never quite know what you are going to get with him. When I do my own show. the emphasis is on duh and what I do is set up the studio on the stage and mix and

remix live. With Lee. the vocal is)

more up there.

To some extent. people might think he is an inlluence musically but not so much on me. It’s not always easy to see where his influence is apparent on first view in others but I’m sure its there. He seems pretty much on his own. out there. He's definitely a one-off. Very cool.

A fan who has also DJed at Perry’s appearance in Scoflandlastyean

Most people love Lee I’ 'rry for his phenomenal and somewhat eccentric stage presence. I do too. but why he is so important to me is for his furthering of sonic possibilities. The term ‘genius’ is bandied about far too easily with reference to music but if anyone is deserving of this accolade it is Mr P irry. What he accomplished in the 70s on the most basic of equipment is absolutely staggering and it’s gone on to have an all-pe 'asive influence on nearly all forms of leftlield music in the 2lst century.

I always wonder if the pushing of the sonic boundary leads to madness or if the madness is the muse. Joe Meek. Phil Spector. Brian Wilson and Lee I’ ‘rry are all giants of sound and all clearly have problems in the sanity department. Whatever. Lee I’ 'rry has had a profound influence on how I hear music (go listen to Super Ape now!) and l bow down at the altar that is his mixing desk.

Lee ‘Scratch’ Perry and Mad Professor play The Forum, _ Aberdeen, Fri 27 Apr; Liquid Room, Edinburgh, Sat 28 Apr; Renfrew Ferry, Glasgow, Sun 29 Apr.

Twitch also DJs at Glasgow School Of Art, Fri 27 Apr and Renfrew Ferry, Glasgow, Sun 29 Apr.

David Katz’s book People Funny Boy is published by Payback Press. Adrian Sherwood’s Pressure Sounds label can be found at

14 THE LIST :‘os Apt to M... L’t‘utl


After chart-attacking pop bands and arty TV shows, Pulp’s JARVIS COCKER and STEVE MACKEY have extended their repertoire with their debut Scottish turntable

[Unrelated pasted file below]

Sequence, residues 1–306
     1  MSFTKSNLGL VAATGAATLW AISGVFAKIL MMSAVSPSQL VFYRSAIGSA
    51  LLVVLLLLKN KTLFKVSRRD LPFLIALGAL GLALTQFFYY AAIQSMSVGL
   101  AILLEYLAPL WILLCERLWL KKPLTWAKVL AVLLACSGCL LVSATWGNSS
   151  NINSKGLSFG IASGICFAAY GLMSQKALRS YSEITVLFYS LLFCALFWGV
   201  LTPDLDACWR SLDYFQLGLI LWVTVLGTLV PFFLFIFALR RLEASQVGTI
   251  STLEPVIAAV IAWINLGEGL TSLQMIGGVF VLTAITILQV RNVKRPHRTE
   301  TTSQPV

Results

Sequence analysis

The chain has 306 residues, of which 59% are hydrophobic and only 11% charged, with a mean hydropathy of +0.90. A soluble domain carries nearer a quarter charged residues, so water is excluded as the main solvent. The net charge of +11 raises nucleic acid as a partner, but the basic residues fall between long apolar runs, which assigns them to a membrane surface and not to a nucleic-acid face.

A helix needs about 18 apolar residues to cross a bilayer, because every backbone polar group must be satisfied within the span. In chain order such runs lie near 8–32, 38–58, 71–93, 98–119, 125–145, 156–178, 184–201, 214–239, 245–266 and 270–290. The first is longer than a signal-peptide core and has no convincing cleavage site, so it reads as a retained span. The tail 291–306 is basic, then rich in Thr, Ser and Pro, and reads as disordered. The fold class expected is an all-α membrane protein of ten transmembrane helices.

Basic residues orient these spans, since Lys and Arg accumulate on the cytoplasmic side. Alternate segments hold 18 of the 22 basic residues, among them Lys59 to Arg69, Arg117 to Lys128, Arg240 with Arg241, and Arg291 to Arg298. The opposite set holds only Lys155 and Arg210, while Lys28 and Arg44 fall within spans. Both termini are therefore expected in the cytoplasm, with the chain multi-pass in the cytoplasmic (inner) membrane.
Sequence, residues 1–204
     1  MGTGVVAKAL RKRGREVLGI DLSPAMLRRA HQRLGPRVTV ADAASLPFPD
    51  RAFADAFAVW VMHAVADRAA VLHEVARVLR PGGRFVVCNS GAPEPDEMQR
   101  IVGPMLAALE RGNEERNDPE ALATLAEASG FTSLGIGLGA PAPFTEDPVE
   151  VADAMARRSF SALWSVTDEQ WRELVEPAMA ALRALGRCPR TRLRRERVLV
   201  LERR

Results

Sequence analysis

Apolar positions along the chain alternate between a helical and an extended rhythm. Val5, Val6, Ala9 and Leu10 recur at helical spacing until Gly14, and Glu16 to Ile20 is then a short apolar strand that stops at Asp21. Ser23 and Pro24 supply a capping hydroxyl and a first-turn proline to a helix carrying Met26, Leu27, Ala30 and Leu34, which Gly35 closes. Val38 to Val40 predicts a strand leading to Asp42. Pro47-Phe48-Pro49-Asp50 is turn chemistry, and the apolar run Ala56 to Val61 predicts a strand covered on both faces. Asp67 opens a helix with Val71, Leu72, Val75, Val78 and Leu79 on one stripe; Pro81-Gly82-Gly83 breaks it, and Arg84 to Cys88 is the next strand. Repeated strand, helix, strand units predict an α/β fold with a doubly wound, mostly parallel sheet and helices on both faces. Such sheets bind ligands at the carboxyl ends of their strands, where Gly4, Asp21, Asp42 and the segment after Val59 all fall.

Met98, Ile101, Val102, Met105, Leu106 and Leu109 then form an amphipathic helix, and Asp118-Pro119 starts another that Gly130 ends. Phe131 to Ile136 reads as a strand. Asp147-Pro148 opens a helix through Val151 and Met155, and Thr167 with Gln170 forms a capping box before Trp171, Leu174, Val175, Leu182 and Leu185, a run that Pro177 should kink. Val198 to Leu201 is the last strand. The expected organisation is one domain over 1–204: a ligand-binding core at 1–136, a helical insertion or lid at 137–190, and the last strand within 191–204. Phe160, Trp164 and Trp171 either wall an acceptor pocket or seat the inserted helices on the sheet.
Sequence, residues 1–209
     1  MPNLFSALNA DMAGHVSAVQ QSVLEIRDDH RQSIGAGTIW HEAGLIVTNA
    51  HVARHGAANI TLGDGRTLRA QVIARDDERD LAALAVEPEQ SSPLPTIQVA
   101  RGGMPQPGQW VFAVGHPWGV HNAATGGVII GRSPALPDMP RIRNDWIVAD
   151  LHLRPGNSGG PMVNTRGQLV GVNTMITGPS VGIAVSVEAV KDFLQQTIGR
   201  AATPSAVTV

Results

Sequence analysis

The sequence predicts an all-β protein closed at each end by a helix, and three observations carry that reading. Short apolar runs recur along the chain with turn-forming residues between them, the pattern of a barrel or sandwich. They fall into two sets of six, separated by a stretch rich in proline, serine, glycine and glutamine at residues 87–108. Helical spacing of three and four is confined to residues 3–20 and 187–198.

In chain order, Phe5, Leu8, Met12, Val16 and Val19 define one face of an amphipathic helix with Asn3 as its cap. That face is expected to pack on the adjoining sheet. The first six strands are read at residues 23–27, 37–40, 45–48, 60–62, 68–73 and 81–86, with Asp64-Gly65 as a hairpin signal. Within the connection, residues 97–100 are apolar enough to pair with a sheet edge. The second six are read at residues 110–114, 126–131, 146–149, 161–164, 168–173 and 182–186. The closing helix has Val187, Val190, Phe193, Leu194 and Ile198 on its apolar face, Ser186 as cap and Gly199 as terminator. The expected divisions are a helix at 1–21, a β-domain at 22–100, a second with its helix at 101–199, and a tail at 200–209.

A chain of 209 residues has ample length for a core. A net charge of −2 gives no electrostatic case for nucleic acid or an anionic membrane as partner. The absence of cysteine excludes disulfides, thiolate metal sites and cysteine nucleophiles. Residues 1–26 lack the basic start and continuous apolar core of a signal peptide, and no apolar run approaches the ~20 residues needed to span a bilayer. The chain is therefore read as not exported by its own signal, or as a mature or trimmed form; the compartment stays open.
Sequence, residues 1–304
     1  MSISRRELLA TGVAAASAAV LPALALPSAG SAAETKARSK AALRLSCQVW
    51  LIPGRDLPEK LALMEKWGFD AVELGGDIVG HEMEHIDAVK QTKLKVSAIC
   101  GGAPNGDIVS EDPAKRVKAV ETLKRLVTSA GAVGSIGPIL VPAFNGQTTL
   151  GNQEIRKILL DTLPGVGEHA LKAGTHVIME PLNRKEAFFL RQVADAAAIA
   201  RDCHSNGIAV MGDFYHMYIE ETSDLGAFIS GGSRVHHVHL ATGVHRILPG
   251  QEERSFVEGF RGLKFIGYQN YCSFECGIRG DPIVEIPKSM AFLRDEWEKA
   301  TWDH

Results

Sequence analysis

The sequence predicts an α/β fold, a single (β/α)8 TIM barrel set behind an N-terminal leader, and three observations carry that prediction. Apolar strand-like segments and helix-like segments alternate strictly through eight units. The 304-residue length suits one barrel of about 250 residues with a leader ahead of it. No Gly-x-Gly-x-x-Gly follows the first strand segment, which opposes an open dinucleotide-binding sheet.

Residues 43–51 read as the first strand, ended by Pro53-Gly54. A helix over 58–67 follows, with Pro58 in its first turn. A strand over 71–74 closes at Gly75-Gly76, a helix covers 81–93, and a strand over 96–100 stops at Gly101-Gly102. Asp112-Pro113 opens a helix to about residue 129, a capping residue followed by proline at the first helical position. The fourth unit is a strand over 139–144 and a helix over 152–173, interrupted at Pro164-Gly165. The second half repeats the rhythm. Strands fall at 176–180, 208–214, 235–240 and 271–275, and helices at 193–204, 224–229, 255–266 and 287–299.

assault. Tim Abrahams

If Pulp‘s soon—to-be released new album turns out to be a disappointment. it won‘t be a surprise to some people. liven to the most hardened of Pulp fans. the re-recordings. tIL‘Iity's and changes of producer give the as-y‘et- unnamed album an air of unfamiliar turmoil about it. Sure. its predecessor This Is l/(ll'tlt‘iil't‘. was actually about having a crisis and founder member Russell Senior had left the band prior to its recording. but artistically it was as focused as its own forbear A Different (lass. despite being less of a money-spinner.

It may have something to do with the strange tales of bizarre side projects that keep emerging from the Pulp camp. Not only have rumours gone round that Jarvis (‘ocker had been pencilled in to direct the screen adaptation of Harland Miller's rites of passage novel Slow Down Arthur. Stick 7}) Thirty. but he had previously been seen presenting films on outsider art for Channel 4 and appearing on the judging panel of the Beck's Futures Art show.

Musically. there were strange portents as well. Last June. C‘ocker and Steve Mackey played a set with glass harmonica player Alisdair Malloy at Scott Walker‘s Meltdown

liestiyal. It all sounded as it (‘ockcr and co were finally losing touch with the common people and becoming the art-school dilettanles we always feared they might be.